Biome endeavors to find and demonstrate solutions, and empower communities to adopt and innovate on them in the water and sanitation sectors. The solutions Biome offers address social and environmental issues, recognizing the links in the water-energy-food nexus.
Of equal importance in its work is that it recognizes that plumbers, well diggers, sanitation and health workers, and informal sector WASH enterprises are essential in implementing these solutions. Therefore, ensuring their well-being and ensuring their capacity and knowledge is built, and their innovations are incubated, is integral to Biome’s work.
Further, Biome’s work addresses the challenges of groundwater management (India is the world’s largest groundwater user), sanitation and management of waste water and fecal sludge, resource recovery from wastes, water quality management, demand management, and equity and citizen water literacy education. Biome works on these issues in both urban and rural contexts. Biome’s experience is very rich in the urban and peri-urban contexts. Biome sees itself as a “thoughtful do tank,” acting as a practice to policy bridge.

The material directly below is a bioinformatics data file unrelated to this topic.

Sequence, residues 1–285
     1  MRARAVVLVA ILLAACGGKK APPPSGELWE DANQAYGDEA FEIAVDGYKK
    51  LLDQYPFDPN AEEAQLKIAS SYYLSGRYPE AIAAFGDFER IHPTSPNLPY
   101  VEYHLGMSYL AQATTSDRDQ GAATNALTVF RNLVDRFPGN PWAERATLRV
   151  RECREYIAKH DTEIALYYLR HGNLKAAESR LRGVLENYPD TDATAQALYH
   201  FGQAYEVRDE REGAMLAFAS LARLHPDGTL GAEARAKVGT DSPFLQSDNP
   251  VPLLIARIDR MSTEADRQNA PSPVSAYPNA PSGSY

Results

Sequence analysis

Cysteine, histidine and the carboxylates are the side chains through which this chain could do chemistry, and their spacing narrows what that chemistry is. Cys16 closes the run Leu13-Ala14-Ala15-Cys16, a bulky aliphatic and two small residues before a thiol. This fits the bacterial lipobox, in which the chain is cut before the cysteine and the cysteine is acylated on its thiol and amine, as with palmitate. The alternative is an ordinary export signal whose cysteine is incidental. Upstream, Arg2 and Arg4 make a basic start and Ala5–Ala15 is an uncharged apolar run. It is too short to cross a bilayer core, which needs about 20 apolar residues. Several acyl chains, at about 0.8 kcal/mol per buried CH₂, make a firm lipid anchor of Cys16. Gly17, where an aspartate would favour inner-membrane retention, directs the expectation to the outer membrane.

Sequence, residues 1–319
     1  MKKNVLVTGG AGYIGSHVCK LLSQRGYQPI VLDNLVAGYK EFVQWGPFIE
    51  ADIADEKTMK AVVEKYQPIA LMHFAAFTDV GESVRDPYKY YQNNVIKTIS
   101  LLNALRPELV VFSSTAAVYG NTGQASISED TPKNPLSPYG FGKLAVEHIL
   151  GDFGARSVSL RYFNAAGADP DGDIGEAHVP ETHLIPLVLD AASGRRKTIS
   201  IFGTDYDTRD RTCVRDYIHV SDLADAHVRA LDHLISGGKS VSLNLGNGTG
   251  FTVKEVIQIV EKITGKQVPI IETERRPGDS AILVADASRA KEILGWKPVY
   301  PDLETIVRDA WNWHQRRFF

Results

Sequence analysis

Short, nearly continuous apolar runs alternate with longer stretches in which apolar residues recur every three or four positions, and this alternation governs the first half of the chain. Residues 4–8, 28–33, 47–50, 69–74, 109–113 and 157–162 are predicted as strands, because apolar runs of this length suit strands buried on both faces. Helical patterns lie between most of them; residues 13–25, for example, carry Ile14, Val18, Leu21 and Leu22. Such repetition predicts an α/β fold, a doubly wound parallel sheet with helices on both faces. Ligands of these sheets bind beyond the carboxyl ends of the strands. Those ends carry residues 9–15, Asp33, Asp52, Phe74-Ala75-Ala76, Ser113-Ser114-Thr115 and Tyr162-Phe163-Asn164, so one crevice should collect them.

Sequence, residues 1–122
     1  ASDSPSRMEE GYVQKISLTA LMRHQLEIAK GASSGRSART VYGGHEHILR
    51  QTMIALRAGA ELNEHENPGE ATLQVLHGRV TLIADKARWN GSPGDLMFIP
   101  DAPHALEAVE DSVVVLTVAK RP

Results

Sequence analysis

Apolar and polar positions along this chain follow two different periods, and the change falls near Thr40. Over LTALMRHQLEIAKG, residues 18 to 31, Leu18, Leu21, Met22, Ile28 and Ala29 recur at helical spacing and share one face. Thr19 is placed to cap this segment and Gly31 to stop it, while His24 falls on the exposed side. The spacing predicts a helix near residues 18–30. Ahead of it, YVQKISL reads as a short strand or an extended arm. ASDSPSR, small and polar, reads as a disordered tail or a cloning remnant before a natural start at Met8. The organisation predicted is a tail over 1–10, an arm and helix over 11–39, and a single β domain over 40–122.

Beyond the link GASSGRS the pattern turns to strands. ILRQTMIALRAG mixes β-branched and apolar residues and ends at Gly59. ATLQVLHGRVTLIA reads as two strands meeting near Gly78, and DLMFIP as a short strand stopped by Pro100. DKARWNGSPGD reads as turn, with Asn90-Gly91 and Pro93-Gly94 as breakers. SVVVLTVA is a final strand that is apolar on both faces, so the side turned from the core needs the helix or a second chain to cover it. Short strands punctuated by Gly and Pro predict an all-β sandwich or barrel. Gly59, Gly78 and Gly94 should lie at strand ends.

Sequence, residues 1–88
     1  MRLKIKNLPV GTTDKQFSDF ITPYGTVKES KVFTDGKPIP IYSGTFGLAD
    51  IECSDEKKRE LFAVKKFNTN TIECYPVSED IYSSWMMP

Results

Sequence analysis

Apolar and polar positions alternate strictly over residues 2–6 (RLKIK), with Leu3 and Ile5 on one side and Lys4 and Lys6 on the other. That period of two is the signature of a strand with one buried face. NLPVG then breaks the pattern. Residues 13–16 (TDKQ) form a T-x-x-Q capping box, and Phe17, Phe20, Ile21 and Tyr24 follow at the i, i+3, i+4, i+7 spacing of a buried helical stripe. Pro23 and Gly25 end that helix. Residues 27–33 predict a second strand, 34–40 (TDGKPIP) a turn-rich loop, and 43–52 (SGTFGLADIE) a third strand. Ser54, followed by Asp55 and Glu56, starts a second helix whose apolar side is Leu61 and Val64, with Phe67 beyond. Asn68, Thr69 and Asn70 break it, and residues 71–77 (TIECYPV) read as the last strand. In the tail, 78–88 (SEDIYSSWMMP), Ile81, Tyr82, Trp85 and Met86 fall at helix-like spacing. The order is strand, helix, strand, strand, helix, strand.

India is heavily dependent on its groundwater and has the highest number of bore-wells in the world, numbering close to 30 million. More than 60% of India’s water supply comes from these bore-wells, with more wells being dug every day. This places an unmanageable strain on the aquifer as it is being depleted at a much higher rate than can be naturally recharged. India is already on the brink of a full-blown water crisis, with cases of acute water shortages, fluoride poisoning and other forms of water pollution becoming common, forcing people to drill deeper (thus reducing the water quality). In addition, water sources are being contaminated by a failure to properly manage the disposal of wastewater. This situation will only worsen, with rapid urbanization, the lack of water literacy, the inefficient use of water, and the development of new industries with high demand for water placing a larger strain on water resources. In the city of Bangalore, for instance, depleting surface water availability has driven demand for groundwater, which has drawn down the city’s water tables and left many bore wells dry. As a result, some residential communities across the city find themselves needing to purchase water from unregulated and expensive private entities to meet their basic needs.